While at Michigan, I was a student employee within the Intramural/Recreational program throughout my student years. I had the honor of studying under and working for Dr. Elmer D. Mitchell, Earl Riskey, Rod Grambeau, Cliff Keen, and several other faculty and Athletic Department personnel. Little did I know at that time of the significant pioneering contributions of these individuals. Dr. Mitchell is historically known as "the Father of Intramurals. Earl Riskey conceived the game of racquetball and introduced it nationally. I was an avid handball and racquetball player during my days at Michigan. My studies and work within the Michigan Intramural Sports environment were direct factors in my securing eventual employment at Texas Tech University following my active duty release from the military.
In 1954, my post-military employment was in my home town of Amarillo where I was hired as a physical education teacher for grades 7-8-9. I had also secured a position at Texas Tech; however, the Tech position was budgeted for one year later. Following the single year at Horace Mann Junior High School in Amarillo, I became the first full-time Intramural/Campus Recreation director at Texas Tech in 1955 when there were approximately 10,000 students at Tech. During my 3rd year at Texas Tech, I hired Willard Holsberry as Assistant Director. Will and I and Paul Gunsten each served the National Intramural Association as volunteer NIA/NIRSA Executive Directors during the early growth years of the NIA.
I was the campus recreation director at Texas Tech for 25 years. Texas Tech had then grown to 25,000 students Will left Tech to accept a directorship at Oregon State and I left Tech to pursue a doctorate degree. I earned a doctorate from the University of Houston with major interests in the administration of HPERD. Following two years at the University of North Texas, I was hired in 1979 by the University of Nebraska at Omaha (UNO) as the chair of the academic program for Recreation and Leisure Studies. Two of my colleagues at UNO were Dr. Richard Flynn (Director of the School of HPERD), who hired me, and Sid Gonsoulin, the UNO director of campus recreation at that time. Dr. Flynn, now President at Springfield College, was our first general session speaker at this conference. Sid is now an administrative executive at the University of Southern Mississippi.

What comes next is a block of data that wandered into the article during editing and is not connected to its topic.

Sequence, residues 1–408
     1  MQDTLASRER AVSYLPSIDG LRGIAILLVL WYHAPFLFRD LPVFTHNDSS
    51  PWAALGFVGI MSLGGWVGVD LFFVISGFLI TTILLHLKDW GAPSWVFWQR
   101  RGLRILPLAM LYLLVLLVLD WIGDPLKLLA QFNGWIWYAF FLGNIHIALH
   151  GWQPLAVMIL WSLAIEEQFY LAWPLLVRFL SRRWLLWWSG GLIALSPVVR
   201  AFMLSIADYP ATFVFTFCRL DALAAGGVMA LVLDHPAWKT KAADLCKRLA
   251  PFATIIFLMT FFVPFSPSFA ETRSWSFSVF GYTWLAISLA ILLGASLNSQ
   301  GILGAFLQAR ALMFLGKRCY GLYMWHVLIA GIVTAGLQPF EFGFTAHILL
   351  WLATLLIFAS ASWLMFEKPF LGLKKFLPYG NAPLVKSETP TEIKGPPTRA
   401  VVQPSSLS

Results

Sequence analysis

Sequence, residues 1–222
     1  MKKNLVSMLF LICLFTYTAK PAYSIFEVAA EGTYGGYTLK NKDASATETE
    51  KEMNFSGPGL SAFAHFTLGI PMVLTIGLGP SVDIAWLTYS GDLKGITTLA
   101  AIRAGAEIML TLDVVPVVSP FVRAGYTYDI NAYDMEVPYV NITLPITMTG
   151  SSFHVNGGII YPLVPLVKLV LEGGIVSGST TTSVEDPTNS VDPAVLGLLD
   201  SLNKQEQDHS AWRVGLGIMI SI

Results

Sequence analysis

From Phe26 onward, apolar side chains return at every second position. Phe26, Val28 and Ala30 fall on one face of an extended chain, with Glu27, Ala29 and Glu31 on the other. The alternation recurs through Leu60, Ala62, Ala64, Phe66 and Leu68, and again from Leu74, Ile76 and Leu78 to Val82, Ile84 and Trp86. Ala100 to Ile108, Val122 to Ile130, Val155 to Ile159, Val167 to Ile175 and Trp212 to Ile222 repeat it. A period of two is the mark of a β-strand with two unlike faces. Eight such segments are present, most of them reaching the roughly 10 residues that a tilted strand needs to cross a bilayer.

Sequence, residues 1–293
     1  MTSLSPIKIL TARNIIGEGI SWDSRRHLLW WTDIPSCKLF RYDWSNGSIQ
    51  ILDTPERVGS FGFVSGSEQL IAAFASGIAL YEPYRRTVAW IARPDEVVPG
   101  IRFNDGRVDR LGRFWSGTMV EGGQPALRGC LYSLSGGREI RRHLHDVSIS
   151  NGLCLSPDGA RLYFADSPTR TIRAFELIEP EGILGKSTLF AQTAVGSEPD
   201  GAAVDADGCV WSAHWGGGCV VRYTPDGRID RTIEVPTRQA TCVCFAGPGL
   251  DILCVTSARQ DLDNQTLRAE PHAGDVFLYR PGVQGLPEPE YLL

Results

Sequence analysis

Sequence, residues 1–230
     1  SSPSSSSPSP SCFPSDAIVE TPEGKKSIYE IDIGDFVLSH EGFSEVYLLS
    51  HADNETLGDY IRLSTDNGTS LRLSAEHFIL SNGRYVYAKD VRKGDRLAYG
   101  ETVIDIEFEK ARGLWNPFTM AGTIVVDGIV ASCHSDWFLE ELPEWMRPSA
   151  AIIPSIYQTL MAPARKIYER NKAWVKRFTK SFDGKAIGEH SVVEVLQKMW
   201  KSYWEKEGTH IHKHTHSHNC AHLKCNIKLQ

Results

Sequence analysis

In 1992, I retired so that I could care full-time for my wife, Anita. Anita's progression with Alzheimer's disease required her placement in a nursing home in 1995. Anita died from Alzheimer's disease in the year 2000.
I attended my first National Intramural Conference at Bowling Green State University in 1957. There were about 50 individuals registered. In the early years of our Association we met on campuses and stayed in dorms. Over a few years, membership and program growth was extensive and would eventually lead to conferences being held off campuses. In 1961 when I was continuing as Campus Recreation Director at Texas Tech, I became a Life Member of the then National Intramural Association (NIA). As stated previously, in those early formative years, Paul Gunsten, Will Holsberry, and I all served volunteer terms as NIA Executive Directors. We used a manual addressograph for our "high volume" mailings and membership lists. At the NIA New Orleans Annual Conference business meeting, the name of our association was debated extensively. Large colleges/universities considered the term "Intramural" as in the name NIA as too limiting in reference to the broad scope of many campus recreation programs. After several proposals were defeated, I proposed a change toThe National Intramural-Recreational Sports Association. The change, seconded by Will Holsberry, was adopted and it remains our Association name to this date.